Wednesday, July 2, 2014


We had another beach fire last night. Alisa took the boys in early and gave them a play on the beach and a long swim and a scrub in the salt water while I stayed on the boat to get in a few hours of work. I then swam to the beach, seeing the inevitable groupers/parrotfish/damsels/butterflyfish/goatfish/wrasse/rabbitfish on the way.

In Hobart and Kodiak Alisa and I got into swimming laps to stay fit, and I love swimming in the tropics when the exercise is punctuated by fish viewing. The apogee is seeing a species I've never seen before, a "lifer", when out for my afternoon exercise.

For years now we've been keeping track of the species we've seen in our guide to the coral reef fishes of the Pacific and on this trip Elias has gotten well into it, sitting down with me after a snorkeling session to check our pictures against the book. He led me into a very shallow channel between motus the other day, the water only a meter deep and pulsing with the current from water being swept in over the seaward side of the reef. In this new habitat we saw a new species of damselfish, the gray demoiselle (in spite of the uninspiring name, the juvenile is a sapphire gem) and a new sandperch, the spotted sandperch.

I look at the outer reef, where the coral meets the profound depths of the ocean, and think of all the new species that would be waiting to be seen there. The trick is that you have to make it over the surf on the reef edge, and then back, but it doesn't look too bad at this point on the reef. If only I had a buddy to go with who was a little more burly than Elias.

I could smell the fire when I was still swimming, the universal campfire/beachfire smell that is exactly the same in Alaska and the Tuamotus greeting me with each turn of the head and rhythmic breath. The boys were happily gathering wood when I waded ashore, and soon even more happily roasting marshmallows.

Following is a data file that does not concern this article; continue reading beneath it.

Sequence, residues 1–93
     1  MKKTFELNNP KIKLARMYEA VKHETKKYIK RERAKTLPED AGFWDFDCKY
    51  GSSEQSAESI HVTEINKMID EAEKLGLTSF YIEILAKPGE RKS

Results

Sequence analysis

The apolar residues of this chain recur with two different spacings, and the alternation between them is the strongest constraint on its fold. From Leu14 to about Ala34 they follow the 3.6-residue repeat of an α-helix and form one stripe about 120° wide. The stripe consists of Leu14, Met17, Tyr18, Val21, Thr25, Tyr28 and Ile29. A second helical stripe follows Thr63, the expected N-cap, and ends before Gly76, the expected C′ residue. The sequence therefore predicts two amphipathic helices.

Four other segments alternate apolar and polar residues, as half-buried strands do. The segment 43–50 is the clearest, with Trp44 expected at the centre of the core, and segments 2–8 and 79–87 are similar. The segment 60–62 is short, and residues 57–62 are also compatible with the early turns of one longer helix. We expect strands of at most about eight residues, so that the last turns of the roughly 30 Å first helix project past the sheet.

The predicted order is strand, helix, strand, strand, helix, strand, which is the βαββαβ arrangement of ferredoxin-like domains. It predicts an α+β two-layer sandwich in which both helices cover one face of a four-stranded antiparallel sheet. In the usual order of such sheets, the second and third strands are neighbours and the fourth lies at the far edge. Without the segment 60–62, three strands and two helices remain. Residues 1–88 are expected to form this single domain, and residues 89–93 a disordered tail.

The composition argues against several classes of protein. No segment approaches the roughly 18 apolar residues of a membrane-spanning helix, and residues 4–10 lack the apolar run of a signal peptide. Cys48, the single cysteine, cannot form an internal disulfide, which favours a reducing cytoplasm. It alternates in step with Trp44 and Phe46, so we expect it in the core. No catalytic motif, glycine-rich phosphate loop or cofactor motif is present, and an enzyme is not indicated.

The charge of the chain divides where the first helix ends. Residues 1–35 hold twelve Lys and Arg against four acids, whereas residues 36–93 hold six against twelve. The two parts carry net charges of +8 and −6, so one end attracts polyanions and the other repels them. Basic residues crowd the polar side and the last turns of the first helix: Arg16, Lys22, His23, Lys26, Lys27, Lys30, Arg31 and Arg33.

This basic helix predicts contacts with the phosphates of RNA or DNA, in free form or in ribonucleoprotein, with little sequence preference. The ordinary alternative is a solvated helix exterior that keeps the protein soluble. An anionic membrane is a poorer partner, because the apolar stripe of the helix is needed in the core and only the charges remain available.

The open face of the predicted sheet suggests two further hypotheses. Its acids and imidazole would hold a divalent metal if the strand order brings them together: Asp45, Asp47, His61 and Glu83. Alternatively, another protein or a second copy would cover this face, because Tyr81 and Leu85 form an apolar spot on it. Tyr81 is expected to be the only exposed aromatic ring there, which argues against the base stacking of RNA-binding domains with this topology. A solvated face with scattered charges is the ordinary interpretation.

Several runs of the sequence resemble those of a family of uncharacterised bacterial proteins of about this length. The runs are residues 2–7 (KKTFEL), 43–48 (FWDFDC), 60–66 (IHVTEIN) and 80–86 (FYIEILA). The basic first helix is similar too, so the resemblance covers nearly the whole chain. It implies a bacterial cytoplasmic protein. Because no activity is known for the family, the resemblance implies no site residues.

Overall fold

Alisa and I noted how the nine or ten boats in sight were all evenly spread around atoll, each anchored off their own little scrap of motu.

"Isn't that the ideal free distribution?" I asked Alisa, my grasp of ecological concepts proving shaky without the crutch of a reference.

We started talking about where the trend in numbers of traveling boats might be headed. Forty years ago you'd be quite certain to find no other voyaging boats in a place like Tahanea. Now we assume that there will always be other anchored boats in sight, but we also assume that there will be a motu available just for us, with its beach and coconuts and dead wood for burning. We live an age of dark assumptions about the future, so that the baseline assumption is that we're living in a bubble that allows so many people the luxury of their own capable ocean-crossing yachts, and these herds of boats in places like Tahanea will become a thing of the past during our boys' lifetimes. But there is also the empirical view that, whatever the ultimate limits to our resources, wealth has increased steadily over time (for most everyone in one of our countries, Australia, and for the haves in our other country, America) and is likely to continue to do so.

That's one of the reasons that I'd love for life to just go on and on. I'd like to see what happens next, see how everything in the story turns out.

We have information from a very trustworthy source that the groupers we're seeing, and the soldierfish, and a few others, are free of ciguatera, that bio-accumulated toxin that can make eating reef fish so dangerous.

Still, we're too conservative, with the boys aboard, to eat the reef fish. The downside of one of them getting sick is too great to risk the probably very slight, but plausible, chance - the ciguatera that suddenly appears in a species, or area, for the first time, for instance.

This is also a situation where being an ecologist colors your perception of the world. Much of my reading in ecology, and some of my own research, has to do with the fundamental way that predators - like those groupers - structure communities of living things. The character of any place that you can name on the planet is largely driven by the presence or absence of predators. If you put foxes on an island in the Aleutians, the grass disappears (and no, it's not because foxes eat grass). Birds live in chaparral until subdivisions fragment the habitat to the point where cat-eating coyotes can't make it. One of the great trends of our times is the loss of predators from ecosystems everywhere.

At times - back in Alaska, on passage in the tropics - we fish as hard as we can. But in a place like this, a spatially restricted example of an ecosystem type that is undergoing massive stress globally, with no fisheries management whatsoever, and eight or nine boats generally in view during the cyclone season, each of them potentially capable of removing a few slow-growing, long-lived fish, I'm happy to just leave the groupers under their ledges in the coral, looking up at me as I swim in to the beach where my family has built a fire.

(Meaning no criticism of our friends who do fish here!)

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